In India we have had a functional democracy since last 60 years. We continuously moan about its deficiencies. We quote Lord Wavell that “Indian can be ruled firmly or not ruled at all” desiring a more firm form of governance. A Democratic but Firm Government is the appropriate prescription for India. Inspite of all the deficiencies, the delays and corruption its lot better then any authoritarian or Army rule.
We have our own blind spots viz., ‘Criminalisation of Politics’, ‘Corruption in Bureaucracy and Legislature’, ‘In effective Judiciary’ and ‘sensationalisation of TRIVIA by an irresponsible MEDIA’ nearly covers the entire spectrum of any society.. All the four pillars of democracy leave much to be desired. Yet I would not even for a moment seek an authoritarian form of Governance as a substitute.

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1 comment:

Aman Kumar said...

It was really unfortunate so see this piece on your blog. Unlike most other thoughtful and thought provoking posts, I found it an overtly one-sided, filled with unsubstantiated statement and offensive towards our Western neighbor. I am not quite sure what exactly you wanted to convey, but here is my take on it:


{Pakistan has been a failed state since its inception.}

Why? Just because Western/Indian media says so? What is your criteria for judging a 'failed' state? Pakistan had higher GDP growth rate than India till late 60's. It has one of the most powerful standing armies in the word. It is one of the few nuclear powered states. Pakistan has maintained its territorial integrity and has largely honored international law. Please clarify and for heavens sake don’t come up with rules that apply particularly to Pakistan. I want to know what is your general quantifiable criterion to judge a state and declare if failed or otherwise.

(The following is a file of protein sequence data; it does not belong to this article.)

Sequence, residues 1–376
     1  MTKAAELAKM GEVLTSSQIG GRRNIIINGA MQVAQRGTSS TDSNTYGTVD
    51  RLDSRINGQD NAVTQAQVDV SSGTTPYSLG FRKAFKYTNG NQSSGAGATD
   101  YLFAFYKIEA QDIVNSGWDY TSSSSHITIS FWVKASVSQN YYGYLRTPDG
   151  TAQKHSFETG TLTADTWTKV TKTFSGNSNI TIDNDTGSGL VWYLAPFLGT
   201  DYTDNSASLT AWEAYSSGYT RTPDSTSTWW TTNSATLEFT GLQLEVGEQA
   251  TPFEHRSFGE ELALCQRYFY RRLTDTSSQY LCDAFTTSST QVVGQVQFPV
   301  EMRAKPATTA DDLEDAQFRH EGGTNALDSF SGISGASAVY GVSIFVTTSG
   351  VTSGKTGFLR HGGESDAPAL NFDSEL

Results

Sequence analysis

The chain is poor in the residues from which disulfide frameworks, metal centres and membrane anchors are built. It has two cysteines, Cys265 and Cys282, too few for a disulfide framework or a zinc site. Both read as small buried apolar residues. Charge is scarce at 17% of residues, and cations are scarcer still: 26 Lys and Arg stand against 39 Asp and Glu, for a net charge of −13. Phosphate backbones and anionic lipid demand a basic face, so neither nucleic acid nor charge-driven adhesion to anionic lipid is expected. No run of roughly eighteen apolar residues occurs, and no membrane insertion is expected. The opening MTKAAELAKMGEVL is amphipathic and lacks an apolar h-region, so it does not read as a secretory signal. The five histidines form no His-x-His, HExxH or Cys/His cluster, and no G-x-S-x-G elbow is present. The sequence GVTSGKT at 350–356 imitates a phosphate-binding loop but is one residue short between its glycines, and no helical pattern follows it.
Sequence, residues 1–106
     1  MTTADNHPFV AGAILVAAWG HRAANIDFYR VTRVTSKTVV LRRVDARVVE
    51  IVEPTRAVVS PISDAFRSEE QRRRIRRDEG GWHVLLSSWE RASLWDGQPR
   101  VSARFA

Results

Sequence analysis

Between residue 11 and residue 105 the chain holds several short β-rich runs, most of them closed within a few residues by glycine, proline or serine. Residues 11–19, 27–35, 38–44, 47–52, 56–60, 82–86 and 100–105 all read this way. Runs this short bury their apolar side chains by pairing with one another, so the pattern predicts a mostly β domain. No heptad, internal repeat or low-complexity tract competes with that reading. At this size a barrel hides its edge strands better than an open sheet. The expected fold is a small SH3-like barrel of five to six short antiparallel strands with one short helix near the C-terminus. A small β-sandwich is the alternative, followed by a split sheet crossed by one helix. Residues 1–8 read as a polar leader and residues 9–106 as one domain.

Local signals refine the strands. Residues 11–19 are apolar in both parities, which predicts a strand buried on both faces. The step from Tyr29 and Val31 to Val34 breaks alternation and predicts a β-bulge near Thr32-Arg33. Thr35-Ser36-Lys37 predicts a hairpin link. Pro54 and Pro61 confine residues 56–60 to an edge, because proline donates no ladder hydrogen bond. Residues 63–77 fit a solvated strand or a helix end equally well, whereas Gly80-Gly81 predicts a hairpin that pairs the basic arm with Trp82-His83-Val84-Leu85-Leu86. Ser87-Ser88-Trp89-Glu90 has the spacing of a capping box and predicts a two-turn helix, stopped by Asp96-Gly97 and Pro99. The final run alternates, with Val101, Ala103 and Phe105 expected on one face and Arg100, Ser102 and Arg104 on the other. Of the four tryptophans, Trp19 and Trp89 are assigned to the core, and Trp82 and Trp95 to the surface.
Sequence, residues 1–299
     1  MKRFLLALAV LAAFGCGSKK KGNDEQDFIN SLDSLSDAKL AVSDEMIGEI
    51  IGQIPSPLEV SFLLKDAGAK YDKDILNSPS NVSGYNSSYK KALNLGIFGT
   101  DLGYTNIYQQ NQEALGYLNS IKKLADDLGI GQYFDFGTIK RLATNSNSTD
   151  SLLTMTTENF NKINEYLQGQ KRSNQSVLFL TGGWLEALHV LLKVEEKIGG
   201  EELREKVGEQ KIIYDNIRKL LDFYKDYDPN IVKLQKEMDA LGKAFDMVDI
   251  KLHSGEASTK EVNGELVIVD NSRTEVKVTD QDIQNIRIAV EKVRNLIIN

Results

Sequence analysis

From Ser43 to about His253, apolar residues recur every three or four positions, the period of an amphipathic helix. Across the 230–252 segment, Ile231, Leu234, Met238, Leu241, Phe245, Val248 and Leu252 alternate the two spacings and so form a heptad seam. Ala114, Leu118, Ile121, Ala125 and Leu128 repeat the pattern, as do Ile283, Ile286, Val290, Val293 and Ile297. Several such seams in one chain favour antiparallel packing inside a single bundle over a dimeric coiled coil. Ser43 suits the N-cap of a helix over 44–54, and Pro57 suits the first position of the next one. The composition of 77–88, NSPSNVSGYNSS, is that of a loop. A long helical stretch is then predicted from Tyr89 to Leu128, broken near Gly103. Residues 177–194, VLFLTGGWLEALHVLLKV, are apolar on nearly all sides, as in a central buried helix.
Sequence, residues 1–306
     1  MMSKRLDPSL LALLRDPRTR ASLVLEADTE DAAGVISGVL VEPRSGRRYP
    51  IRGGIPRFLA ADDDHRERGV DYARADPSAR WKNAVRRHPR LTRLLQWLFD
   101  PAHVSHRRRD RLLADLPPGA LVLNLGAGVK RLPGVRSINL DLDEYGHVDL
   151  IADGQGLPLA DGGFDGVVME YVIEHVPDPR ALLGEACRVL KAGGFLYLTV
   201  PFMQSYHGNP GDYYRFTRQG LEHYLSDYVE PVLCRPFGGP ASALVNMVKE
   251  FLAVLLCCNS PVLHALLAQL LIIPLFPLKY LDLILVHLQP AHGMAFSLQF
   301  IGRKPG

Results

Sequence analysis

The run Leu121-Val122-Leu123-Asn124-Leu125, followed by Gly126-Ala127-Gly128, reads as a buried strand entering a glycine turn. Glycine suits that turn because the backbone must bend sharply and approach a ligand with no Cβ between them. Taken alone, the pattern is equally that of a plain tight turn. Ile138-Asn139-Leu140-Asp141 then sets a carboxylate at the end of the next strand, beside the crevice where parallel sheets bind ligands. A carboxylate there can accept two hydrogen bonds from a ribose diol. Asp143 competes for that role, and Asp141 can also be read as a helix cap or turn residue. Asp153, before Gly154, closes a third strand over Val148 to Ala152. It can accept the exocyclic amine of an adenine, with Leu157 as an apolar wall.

In India there is a wide spread condemnation of the recent proclamation of Emergency. For Pakistani’s it’s ‘Just Once Aain’. To them it’s a routine affair.

{What do we do when military dictators take over power in Islamabad except providing customary lip service? We give then much needed legitimacy by e.g. inviting them to Agra for peace talks. What have we done to bring democracy in Pakistan except mocking Pakistan and loom over its head as security threat so that its Army always has an excuse to increase its power?}


{Majority of the Pakistanis had favored and voted for a Shariah based constitution.}

When did that happened? I am unaware of even a single election when any religious/fundamentalist party has come to power in Pakistan ever. Except in the last election when MMA formed government in NWFP, it never happened even at the state level. In contrast, we all know what is happening in India.}


{The national level cricketers have started to wear religion on their sleeves. Growing a beard, Praying enmasse in the Plane etc., depict a deep rooted fundamentalist attitude.}

I am sorry but according to me, showing your religious beliefs is not fundamentalism in any way.


I more or less agree with the rest of your article but the above mention statements just pissed me off! Moreover, I see the so called modern democracy as purely a western idea that has very less chance of flourishing in most asian/muslim/african countries.